efforts to bolster cybersecurity often ignore the human rights dimension, or worse, view human rights as an impediment to cybersecurity. This is a dangerous and misguided assumption. Cybersecurity is a human rights issue, and it is time to start treating it like one.
Why cybersecurity is a human rights issue
Using the FOC definition of cybersecurity as a basis, it is easy to see how threats to cybersecurity – or cyber insecurity – can be human rights violations. The denial of availability of information and its underlying infrastructure, in the form of network shutdowns, for example, violates a wide range of rights, including by unduly restricting access to information and the ability of people to express themselves, peacefully assemble and associate, as well as enjoy a range of economic, social and cultural rights. In 2018, 196 internet shutdowns were documented in 68 countries.
There are countless examples of the confidentiality of information being compromised, whether through data breaches for financial gain, mass government surveillance or targeted attacks on human rights defenders or journalists, in violation of the right to privacy, among other rights. Breaches of the confidentiality of communications through surveillance is linked to severe human rights violations, like detention, torture and extrajudicial killings. An example of a particularly egregious case is the surveillance of Saudi dissident Omar Abdulaziz, which contributed to the extrajudicial execution of Saudi journalist Jamal Khashoggi. According to a lawsuit, Abdulaziz’s cell phone was targeted by the Saudi Arabian government with spyware, compromising the confidentiality of his communications with Khashoggi about opposition projects in the months leading up to Khashoggi’s killing.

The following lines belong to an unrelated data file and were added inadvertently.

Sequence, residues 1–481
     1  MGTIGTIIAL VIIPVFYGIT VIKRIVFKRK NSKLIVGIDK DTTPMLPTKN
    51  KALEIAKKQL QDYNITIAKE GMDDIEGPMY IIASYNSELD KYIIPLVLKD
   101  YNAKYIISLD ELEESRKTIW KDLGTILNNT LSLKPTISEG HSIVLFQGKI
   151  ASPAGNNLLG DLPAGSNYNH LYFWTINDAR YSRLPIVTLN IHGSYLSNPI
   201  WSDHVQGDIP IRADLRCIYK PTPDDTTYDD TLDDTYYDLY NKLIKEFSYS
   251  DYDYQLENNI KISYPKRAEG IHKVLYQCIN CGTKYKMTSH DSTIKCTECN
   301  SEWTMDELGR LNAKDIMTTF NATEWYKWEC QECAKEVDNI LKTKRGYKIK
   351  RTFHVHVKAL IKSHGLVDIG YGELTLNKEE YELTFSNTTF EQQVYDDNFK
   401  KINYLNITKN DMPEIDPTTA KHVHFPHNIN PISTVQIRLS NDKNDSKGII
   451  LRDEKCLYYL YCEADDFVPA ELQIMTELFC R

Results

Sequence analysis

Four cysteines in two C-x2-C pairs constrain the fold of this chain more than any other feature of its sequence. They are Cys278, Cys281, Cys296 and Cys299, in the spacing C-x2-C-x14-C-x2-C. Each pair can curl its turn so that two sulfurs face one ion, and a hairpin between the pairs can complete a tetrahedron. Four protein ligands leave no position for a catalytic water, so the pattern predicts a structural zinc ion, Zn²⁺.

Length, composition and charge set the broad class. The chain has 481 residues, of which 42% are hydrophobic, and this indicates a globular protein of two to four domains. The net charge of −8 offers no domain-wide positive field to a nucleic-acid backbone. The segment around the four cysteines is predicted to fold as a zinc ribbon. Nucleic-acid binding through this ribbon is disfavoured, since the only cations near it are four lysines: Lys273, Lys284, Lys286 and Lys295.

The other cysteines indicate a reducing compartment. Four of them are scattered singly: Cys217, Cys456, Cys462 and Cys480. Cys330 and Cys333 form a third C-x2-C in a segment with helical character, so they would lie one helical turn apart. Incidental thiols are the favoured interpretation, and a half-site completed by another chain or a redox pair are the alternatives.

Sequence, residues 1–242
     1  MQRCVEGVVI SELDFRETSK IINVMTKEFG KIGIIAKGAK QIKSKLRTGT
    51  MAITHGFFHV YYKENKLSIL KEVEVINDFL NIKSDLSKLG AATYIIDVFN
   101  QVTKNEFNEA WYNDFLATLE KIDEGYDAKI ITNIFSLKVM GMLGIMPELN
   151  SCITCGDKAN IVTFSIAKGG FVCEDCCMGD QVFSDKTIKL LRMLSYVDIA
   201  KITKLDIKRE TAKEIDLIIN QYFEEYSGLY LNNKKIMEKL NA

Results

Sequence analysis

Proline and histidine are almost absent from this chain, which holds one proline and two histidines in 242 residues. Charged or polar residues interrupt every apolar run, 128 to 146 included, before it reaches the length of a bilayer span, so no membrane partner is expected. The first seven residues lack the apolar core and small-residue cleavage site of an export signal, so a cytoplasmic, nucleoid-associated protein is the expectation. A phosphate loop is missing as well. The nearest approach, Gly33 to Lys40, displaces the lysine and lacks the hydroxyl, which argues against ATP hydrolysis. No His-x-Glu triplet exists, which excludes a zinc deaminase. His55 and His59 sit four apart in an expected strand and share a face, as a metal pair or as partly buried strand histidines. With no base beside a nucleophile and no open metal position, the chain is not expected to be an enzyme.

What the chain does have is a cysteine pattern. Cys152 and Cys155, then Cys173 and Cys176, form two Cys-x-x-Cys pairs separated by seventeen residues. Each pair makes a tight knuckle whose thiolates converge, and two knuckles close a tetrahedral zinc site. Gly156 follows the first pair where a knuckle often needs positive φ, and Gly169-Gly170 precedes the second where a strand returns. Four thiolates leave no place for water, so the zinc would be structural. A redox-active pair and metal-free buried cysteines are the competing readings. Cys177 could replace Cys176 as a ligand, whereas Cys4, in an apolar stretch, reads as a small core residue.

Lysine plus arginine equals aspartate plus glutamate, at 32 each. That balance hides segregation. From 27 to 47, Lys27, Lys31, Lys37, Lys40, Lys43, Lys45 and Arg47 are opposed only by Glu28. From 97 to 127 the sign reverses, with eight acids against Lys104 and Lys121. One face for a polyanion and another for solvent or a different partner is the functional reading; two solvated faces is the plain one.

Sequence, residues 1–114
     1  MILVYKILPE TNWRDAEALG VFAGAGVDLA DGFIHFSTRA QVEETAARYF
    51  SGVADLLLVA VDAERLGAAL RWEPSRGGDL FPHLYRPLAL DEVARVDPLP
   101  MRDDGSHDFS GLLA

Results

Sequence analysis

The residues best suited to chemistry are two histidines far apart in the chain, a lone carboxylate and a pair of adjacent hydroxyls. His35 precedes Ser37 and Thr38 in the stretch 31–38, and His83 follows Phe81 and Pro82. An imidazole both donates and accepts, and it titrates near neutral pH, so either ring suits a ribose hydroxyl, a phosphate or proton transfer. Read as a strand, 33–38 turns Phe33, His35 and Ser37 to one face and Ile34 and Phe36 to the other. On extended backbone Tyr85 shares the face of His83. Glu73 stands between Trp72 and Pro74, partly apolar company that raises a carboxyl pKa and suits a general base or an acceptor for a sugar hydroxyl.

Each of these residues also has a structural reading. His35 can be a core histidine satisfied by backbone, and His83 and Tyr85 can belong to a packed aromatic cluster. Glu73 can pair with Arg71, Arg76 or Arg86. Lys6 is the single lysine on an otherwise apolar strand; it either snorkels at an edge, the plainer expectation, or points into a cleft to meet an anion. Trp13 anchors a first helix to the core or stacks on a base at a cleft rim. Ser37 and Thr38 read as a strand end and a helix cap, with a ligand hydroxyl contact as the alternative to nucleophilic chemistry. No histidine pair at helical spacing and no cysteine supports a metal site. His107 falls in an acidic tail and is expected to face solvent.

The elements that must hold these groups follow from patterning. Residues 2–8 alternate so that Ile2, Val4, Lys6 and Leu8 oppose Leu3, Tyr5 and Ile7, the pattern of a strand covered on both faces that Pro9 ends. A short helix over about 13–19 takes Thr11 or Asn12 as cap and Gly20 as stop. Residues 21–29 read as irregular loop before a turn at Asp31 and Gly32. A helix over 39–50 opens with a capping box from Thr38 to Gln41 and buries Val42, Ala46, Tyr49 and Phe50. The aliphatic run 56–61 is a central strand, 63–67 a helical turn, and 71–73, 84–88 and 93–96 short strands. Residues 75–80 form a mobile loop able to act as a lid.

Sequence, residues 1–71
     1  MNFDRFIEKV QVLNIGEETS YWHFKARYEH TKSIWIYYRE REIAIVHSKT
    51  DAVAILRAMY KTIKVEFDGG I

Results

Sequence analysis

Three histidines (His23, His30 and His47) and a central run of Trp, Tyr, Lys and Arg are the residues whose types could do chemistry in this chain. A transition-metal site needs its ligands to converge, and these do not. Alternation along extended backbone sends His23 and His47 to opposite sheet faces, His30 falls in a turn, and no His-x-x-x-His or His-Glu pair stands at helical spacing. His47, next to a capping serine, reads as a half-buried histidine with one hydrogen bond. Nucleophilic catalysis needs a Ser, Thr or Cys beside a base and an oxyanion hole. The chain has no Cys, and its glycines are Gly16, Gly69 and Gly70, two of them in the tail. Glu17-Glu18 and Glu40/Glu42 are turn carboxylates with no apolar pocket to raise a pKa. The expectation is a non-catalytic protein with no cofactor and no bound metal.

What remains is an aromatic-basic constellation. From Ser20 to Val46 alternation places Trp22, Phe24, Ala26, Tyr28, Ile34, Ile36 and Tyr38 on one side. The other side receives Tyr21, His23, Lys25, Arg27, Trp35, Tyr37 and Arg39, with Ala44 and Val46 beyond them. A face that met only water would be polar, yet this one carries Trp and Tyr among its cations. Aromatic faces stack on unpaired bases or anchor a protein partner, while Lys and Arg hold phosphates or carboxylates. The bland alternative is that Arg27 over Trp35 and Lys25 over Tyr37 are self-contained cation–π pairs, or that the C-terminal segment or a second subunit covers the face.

While most people are likely to experience some form of cyber insecurity in their lifetime, even people for whom meaningful access to the internet is a challenge, cyber insecurity is not experienced evenly by everyone. Human rights defenders, journalists, and people in positions of marginalisation or vulnerability, because of their religion, ethnicity, sexual orientation or gender identity, for example, can experience particular risk. For example, they are more likely to be targeted by government or lateral surveillance, and the consequences of more broad threats like data breaches or network shutdowns are often more severe for them because of their location within society.
As more people and devices are connected, the risks that come with cyber insecurity will only increase. Unfortunately, governments are either not centring cybersecurity discussions on human rights, or worse, they are using cybersecurity as an excuse to exercise more control over the internet.